to calcification caused by an abnormally-shaped valve (congenital case), by time and
use (degenerative case), or by an externally caused disease such as rheumatic fever.
Degenerative aortic stenosis occurs exclusively in the elderly. If the opening
deteriorates sufficiently, cardiac output drops, followed by left heart failure.




                                           13
Aortic regurgitation, on the other hand, is characterized by a reflux of blood from the
aorta to the left ventricle during diastole. There are many causes of aortic
regurgitation, including rheumatic fever, bacterial infection, and blunt chest trauma.
Chronic regurgitation causes decreases in cardiac output and ventricular elasticity,
and may lead to low cardiac output, edema, and heart failure. A sudden, severe,
occurrence of regurgitation (due to trauma, for example) results in an immediate
decrease in cardiac output. The decrease in cardiac output results in insufficient
blood flow to adequately perfuse all tissues. The body responds to this situation by
initiating widespread peripheral vasoconstriction, to maintain adequate perfusion to
vital organs such as the brain and heart. The increased resistance created by
peripheral vasoconstriction may lead to ischemia and shock. The decreased cardiac
output also can cause sudden-onset pulmonary edema.

Peripheral Circulation

In addition to providing information regarding cardiac function, Pulse Dynamics may
also be used to obtain properties of the peripheral circulation. Peripheral resistance
and arterial compliance both describe properties of the peripheral circulatory system.

Arterial compliance, which is the inverse of the elastic modulus, measures the degree
of arterial wall stiffness. Arterial compliance (or simply "compliance") is affected by a
wide variety of circumstances, including age and certain cardiovascular diseases,
such as hypertension. Therefore, a determination of a patient's compliance may
facilitate the diagnosis of hypertension.

Peripheral resistance is a property common to all fluid filled "pipe" systems. There
will always be a downstream resistance to the flow of a fluid through a pipe. This
resistance is due to a number of properties, including properties of the fluid, the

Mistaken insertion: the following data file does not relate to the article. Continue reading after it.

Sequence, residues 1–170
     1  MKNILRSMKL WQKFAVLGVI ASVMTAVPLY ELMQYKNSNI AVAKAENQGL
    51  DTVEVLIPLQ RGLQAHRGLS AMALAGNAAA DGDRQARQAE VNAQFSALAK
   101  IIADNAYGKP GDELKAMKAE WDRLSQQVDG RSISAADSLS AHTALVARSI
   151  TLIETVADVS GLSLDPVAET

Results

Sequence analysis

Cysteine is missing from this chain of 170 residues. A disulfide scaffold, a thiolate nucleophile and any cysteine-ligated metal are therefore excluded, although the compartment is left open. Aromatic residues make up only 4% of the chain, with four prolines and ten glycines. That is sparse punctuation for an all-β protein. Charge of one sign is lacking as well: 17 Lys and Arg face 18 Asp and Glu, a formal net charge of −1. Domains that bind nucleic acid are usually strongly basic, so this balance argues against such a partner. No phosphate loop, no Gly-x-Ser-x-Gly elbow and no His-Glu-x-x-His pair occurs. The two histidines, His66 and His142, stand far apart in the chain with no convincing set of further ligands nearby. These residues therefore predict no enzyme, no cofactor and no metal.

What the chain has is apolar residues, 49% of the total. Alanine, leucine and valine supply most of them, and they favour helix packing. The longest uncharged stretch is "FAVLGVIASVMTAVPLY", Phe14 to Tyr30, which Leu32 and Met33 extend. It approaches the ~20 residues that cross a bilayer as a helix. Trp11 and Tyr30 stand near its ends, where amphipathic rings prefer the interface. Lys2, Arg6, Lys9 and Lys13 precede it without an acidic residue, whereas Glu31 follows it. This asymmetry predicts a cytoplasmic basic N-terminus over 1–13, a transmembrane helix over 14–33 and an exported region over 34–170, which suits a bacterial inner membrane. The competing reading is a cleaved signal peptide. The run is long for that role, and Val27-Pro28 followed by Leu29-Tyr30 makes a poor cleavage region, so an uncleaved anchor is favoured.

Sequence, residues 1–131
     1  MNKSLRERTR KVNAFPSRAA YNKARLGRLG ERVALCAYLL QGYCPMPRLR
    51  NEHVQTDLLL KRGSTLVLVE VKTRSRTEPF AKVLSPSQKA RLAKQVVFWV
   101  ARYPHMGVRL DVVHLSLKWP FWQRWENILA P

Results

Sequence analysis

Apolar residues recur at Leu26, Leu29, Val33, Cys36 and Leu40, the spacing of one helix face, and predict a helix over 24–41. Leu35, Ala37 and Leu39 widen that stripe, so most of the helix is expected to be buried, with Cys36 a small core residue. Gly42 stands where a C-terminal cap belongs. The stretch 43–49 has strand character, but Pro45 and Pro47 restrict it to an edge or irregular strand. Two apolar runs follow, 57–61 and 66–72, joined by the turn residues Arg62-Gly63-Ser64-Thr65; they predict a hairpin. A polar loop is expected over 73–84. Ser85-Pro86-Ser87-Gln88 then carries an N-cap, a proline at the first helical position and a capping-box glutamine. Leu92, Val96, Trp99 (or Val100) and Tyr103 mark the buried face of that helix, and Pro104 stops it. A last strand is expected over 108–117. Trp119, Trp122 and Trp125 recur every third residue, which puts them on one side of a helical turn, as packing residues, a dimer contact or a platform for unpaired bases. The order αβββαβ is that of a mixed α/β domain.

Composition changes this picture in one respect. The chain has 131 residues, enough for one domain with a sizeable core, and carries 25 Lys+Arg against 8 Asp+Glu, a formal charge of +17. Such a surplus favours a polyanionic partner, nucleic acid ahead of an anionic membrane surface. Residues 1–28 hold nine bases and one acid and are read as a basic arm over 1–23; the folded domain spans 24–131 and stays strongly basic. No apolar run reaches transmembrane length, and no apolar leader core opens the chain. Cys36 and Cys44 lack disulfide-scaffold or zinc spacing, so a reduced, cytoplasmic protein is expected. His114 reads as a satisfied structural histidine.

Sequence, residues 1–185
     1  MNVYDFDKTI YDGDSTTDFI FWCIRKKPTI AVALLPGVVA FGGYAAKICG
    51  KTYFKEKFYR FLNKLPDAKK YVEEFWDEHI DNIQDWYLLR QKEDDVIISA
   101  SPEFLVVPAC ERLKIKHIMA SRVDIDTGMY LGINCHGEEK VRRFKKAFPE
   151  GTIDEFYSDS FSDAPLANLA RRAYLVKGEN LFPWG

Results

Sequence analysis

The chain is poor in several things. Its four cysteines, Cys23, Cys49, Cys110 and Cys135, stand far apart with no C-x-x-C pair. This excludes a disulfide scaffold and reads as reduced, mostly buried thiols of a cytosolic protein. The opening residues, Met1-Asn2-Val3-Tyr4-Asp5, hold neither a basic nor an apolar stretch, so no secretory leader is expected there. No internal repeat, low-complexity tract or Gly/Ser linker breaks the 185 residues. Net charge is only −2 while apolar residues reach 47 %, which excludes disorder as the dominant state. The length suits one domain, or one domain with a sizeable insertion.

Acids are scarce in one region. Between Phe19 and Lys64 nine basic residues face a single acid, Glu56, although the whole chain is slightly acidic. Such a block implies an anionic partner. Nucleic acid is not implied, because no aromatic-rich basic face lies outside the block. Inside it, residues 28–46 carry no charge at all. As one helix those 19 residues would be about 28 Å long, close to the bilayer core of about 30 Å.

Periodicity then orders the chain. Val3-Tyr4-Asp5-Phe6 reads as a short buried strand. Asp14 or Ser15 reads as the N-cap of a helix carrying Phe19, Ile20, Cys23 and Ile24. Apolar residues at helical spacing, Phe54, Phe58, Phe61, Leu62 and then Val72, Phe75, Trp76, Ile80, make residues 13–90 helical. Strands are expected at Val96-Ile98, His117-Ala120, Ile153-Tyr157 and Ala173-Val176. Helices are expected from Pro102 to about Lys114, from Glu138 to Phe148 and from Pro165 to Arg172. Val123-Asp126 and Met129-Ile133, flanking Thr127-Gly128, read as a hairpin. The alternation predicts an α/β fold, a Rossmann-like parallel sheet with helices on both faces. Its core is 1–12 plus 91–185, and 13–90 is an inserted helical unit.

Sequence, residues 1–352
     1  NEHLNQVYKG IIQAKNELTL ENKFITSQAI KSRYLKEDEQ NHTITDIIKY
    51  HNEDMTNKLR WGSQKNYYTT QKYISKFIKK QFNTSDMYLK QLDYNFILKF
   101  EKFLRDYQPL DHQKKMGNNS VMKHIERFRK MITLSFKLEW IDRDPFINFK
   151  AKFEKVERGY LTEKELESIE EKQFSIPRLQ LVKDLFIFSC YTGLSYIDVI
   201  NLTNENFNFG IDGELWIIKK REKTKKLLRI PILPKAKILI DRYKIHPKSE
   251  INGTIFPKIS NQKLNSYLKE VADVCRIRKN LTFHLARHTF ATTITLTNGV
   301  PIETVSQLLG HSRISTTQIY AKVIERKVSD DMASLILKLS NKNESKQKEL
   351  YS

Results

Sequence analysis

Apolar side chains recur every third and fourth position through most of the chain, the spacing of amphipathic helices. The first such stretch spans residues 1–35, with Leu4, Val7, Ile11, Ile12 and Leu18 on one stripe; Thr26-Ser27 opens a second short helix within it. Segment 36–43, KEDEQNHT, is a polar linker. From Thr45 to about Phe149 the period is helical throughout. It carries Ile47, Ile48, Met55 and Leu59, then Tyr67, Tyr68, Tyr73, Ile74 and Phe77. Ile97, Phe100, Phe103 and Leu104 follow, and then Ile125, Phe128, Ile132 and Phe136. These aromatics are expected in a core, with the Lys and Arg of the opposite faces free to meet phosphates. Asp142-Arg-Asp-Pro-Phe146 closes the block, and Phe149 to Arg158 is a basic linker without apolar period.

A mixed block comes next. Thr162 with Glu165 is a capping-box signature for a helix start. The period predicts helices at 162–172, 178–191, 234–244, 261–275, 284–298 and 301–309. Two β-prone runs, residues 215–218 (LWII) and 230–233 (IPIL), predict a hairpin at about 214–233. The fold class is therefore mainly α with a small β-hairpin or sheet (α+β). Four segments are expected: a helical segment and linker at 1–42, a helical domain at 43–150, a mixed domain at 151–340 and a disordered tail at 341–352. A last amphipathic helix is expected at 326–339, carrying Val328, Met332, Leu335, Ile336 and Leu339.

diameter of the pipe, and any turns or branching that takes place in the system. For
the purposes of circulation the pipe would be the arteries and other associated
vessels and the fluid would be blood.

Recently, a technique has been validated for the quantitative determination of
arterial compliance. This was accomplished by comparing the Pulse Dynamic
waveform compliance values to those values derived in the invasive catheterization
laboratory. A method for determining peripheral resistance from the waveform is
currently under development, as well. These parameters will provide the physician
with additional information to diagnose hypertension and determine cardiovascular
performance, without taking any additional measurements.

The History of Blood Pressure Monitoring

The first well-documented instance of blood pressure measurement was in 1733 by
Reverend Stephen Hales, who inserted a long glass tube upright into an incision
made in a horse's carotid artery. The pumping action of the heart generated a
pressure force, causing the blood level to rise in the tube.

The need for a noninvasive method for blood pressure determination arose due to
the danger of infection and the amount of blood loss involved in these early invasive
procedures. In 1905, Korotkoff described the auscultatory sounds which became the
foundation for the auscultatory (Riva-Rocci) technique. Later in the twentieth century



                                           14
came the development of oscillometric devices, which determine blood pressure
using empirically generated pressure-sensitive algorithms.

With the advent of computers and the move towards increased automation, many
monitors utilizing new technologies and methodologies have recently been
developed. In 1989, Dr. Shiu-Shin Chio patented the Pulse Dynamic technology used
exclusively in DynaPulse monitors. This technology is the first to utilize a graphical
display of the brachial artery pulsation signal to noninvasively determine blood
pressure and cardiovascular performance.

Blood Pressure Monitoring Today

Blood pressure may be measured using direct or indirect techniques. Direct
measurements use catheters to invasively determine blood pressure, whereas
indirect methods utilize a variety of noninvasive techniques.

Direct measurements utilize one of two different types of sensors, in conjunction with
a catheter, to determine blood pressure. Extravascular sensors are located outside of
the body and use the principle of wave propagation to transmit vascular pressure
from the measurement site to the sensor via a fluid-filled catheter. In contrast,
intravascular sensors, such as fiber-optic pressure sensors, are positioned on the tip
of the catheter and inserted into the artery. Catheter systems are often used for
direct, continuous measurement of intra-arterial blood pressure in the aorta, which is
considered the "gold standard" for blood pressure measurement.